Some premium credit cards include a level of protection. This coverage probably isn’t itself worth the card’s annual fee—but if you already have such a card, you should know what benefits it offers so that you don’t pay for redundant coverage. For example, Chase Sapphire Reserve (one of Wendy’s favorite credit cards for travelers) has some good insurance benefits, but with set limits (so, for instance, you can get back only up to $10,000 per traveler and $20,000 per trip if you cancel a trip you paid for with the card—even if your African safari cost your family of four $15,000 per person).
Some travel firms and tour operators also include certain insurance coverage in all of their trips. Don’t waste your money buying coverage that’s already built into the cost of your trip. However, don’t assume that this coverage is comprehensive; depending on your circumstances, you might want to buy an additional policy.
How much does travel insurance cost?
Premiums for a comprehensive policy range from about four to 15 percent of your total trip cost. So if you and your spouse are spending $20,000 total on a week in France, expect to pay $400 to $1,500 per person for travel insurance.
Each premium is calculated based on the length and cost of the trip, where you’re going, and how old you are. For travelers above age 50, policies get significantly more expensive, while children can often be added to a parent’s plan for free: Travelex’s Travel Select Plan allows you to add any children under 18 to a parent’s or grandparent’s plan at no additional cost, while most Travel Guard plans include one child under 18 for every paying adult.
At what point during my trip planning should I buy travel insurance?
Purchase your policy as soon as you put down a deposit toward your trip. That’s because certain desirable benefits (e.g., coverage for cancellation because of pre-existing medical conditions, coverage for financial default of the travel supplier, a cancel-for-any-reason upgrade) may kick in only if you buy your policy within 14 days or so of your initial trip payment. This is usually defined as the first payment that will go toward your trip cost and could be included in an insurance claim, not the separate planning fee that some travel designers charge.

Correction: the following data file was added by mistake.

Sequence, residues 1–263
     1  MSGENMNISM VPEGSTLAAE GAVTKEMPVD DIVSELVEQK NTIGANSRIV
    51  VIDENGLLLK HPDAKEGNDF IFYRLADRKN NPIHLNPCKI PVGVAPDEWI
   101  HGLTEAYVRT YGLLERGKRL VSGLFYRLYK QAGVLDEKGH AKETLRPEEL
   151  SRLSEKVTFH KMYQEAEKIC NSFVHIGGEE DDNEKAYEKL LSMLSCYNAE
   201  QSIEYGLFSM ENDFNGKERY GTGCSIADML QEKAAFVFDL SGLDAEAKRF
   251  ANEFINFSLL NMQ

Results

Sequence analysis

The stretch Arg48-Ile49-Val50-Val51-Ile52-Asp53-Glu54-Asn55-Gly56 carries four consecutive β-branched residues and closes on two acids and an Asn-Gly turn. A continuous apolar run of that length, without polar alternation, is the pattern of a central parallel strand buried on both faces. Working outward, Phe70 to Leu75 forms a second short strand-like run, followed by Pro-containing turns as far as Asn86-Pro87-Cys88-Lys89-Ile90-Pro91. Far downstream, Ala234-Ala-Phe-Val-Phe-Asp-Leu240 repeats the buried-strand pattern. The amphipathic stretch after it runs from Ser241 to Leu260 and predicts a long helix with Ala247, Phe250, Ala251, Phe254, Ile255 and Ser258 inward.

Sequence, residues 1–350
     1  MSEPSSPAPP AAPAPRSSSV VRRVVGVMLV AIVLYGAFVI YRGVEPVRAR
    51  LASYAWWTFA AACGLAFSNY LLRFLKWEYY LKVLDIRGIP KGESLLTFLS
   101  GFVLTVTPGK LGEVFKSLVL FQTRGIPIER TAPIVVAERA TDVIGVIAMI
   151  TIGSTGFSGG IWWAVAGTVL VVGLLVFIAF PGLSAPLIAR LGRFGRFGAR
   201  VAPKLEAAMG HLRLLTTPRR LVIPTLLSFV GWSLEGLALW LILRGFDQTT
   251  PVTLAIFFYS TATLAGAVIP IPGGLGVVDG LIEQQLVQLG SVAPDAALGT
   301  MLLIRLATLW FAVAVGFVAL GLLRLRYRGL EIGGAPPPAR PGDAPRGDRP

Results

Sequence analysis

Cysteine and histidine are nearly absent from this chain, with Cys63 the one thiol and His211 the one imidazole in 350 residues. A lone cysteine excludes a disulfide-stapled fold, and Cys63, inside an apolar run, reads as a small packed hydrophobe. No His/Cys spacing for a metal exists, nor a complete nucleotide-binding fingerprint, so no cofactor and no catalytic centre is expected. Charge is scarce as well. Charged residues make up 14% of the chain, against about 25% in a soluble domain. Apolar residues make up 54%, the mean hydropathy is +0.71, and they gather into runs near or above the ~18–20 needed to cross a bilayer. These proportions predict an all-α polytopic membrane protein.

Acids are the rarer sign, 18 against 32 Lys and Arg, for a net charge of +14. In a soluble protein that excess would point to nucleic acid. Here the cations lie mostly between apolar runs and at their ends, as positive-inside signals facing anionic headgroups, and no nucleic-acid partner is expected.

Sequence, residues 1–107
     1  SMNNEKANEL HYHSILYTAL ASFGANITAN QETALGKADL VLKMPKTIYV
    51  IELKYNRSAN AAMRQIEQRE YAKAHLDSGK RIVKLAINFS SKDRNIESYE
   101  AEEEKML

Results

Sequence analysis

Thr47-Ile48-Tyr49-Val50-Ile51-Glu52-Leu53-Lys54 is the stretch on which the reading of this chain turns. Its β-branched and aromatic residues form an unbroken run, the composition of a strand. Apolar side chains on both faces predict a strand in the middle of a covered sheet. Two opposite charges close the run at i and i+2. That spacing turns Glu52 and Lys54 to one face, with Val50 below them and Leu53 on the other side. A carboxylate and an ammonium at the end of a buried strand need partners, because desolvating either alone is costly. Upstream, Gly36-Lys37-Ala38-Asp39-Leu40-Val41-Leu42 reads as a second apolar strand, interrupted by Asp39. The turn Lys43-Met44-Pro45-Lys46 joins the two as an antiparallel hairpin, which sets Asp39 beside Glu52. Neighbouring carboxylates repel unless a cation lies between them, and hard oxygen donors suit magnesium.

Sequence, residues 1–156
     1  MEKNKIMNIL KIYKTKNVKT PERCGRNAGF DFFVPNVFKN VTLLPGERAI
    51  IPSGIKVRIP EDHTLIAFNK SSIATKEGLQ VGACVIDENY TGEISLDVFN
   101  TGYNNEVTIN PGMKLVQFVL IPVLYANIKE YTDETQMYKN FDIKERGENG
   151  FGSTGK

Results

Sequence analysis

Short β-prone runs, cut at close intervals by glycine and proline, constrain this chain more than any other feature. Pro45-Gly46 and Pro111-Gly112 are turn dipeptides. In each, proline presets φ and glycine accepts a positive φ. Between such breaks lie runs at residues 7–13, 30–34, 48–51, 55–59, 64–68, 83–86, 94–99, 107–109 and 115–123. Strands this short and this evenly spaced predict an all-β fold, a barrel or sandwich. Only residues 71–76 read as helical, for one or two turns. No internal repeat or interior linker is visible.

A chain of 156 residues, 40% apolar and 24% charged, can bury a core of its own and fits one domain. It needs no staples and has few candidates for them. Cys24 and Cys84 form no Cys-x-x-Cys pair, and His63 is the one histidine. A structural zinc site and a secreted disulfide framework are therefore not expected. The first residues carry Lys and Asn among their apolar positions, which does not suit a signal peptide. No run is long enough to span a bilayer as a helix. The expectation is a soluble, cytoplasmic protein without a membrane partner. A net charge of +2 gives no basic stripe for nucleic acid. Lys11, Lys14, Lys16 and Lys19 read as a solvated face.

Your premium will be lower if you cover only your nonrefundable costs; however, not covering the full amount of your payment(s) may invalidate coverage for pre-existing conditions. Requirements vary from one insurance provider to the next, so read a policy carefully when calculating the amount of coverage you need.
What is third-party travel insurance?
Some travel companies—cruise lines, tour operators, and the like—sell their own insurance or “protection” policies, whereas third-party insurance is sold by someone other than the travel company that is operating your trip. Third-party policies are usually a better choice: They pay you back in cash rather than trip credits, they can protect you in case the travel company goes out of business, and you can choose the plan with the coverage that best fits your specific circumstances.
My travel planner recommends that I purchase a policy through a specific insurer; should I follow their advice?
Some travel planners, tour companies, and outfitters have relationships with a particular insurance provider. They might push you to buy a certain type of insurance because they’ll earn a commission; on the other hand, their relationship with that insurer could benefit you if you have to file a claim. Wendy has seen many cases where Trusted Travel Experts on The WOW List, thanks to their relationship with a particular insurer, have been able to act as advocates for their travelers and get their claims paid.
Should I cover the cost of my flights too?
That depends. If you have to cancel your trip, you can usually put the cost of any unused airline tickets toward a future flight, sometimes minus a change fee. Calculate how much your premium will increase if you insure your flights; if the difference is less than the airline’s change fee, it’s worth insuring the flights. (You might also want to insure flights on any local carrier that you aren’t likely to fly with again—in which case a credit toward future travel would be worthless.)
What does it mean if a travel medical insurance plan is primary or secondary?
“Primary” means that the plan pays any bills first, without having to go through your home health insurance provider; “secondary” means the plan will only cover whatever you owe after you’ve filed a claim with your health insurance provider. You’ll typically get a bit more coverage per dollar with a secondary plan—but you’ll have to deal with more paperwork if you file a claim.
I have a medical condition. Will expenses related to it be covered?